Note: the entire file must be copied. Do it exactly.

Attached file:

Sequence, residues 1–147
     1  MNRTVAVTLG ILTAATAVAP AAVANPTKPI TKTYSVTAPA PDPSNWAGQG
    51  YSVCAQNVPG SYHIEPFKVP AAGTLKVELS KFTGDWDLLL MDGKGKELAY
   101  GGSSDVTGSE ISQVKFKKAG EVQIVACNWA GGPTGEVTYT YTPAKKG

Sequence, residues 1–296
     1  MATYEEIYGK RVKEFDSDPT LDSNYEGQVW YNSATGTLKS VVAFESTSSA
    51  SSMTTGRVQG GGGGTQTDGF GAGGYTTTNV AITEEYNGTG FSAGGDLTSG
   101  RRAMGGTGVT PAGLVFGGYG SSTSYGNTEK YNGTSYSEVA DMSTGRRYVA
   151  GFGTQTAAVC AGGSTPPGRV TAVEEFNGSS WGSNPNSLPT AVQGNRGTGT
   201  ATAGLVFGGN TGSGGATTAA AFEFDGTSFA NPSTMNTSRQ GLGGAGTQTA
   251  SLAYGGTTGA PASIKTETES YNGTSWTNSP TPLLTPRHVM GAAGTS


Sequence, residues 1–147
     1  MNRTVAVTLG ILTAATAVAP AAVANPTKPI TKTYSVTAPA PDPSNWAGQG
    51  YSVCAQNVPG SYHIEPFKVP AAGTLKVELS KFTGDWDLLL MDGKGKELAY
   101  GGSSDVTGSE ISQVKFKKAG EVQIVACNWA GGPTGEVTYT YTPAKKG

Sequence, residues 1–296
     1  MATYEEIYGK RVKEFDSDPT LDSNYEGQVW YNSATGTLKS VVAFESTSSA
    51  SSMTTGRVQG GGGGTQTDGF GAGGYTTTNV AITEEYNGTG FSAGGDLTSG
   101  RRAMGGTGVT PAGLVFGGYG SSTSYGNTEK YNGTSYSEVA DMSTGRRYVA
   151  GFGTQTAAVC AGGSTPPGRV TAVEEFNGSS WGSNPNSLPT AVQGNRGTGT
   201  ATAGLVFGGN TGSGGATTAA AFEFDGTSFA NPSTMNTSRQ GLGGAGTQTA
   251  SLAYGGTTGA PASIKTETES YNGTSWTNSP TPLLTPRHVM GAAGTS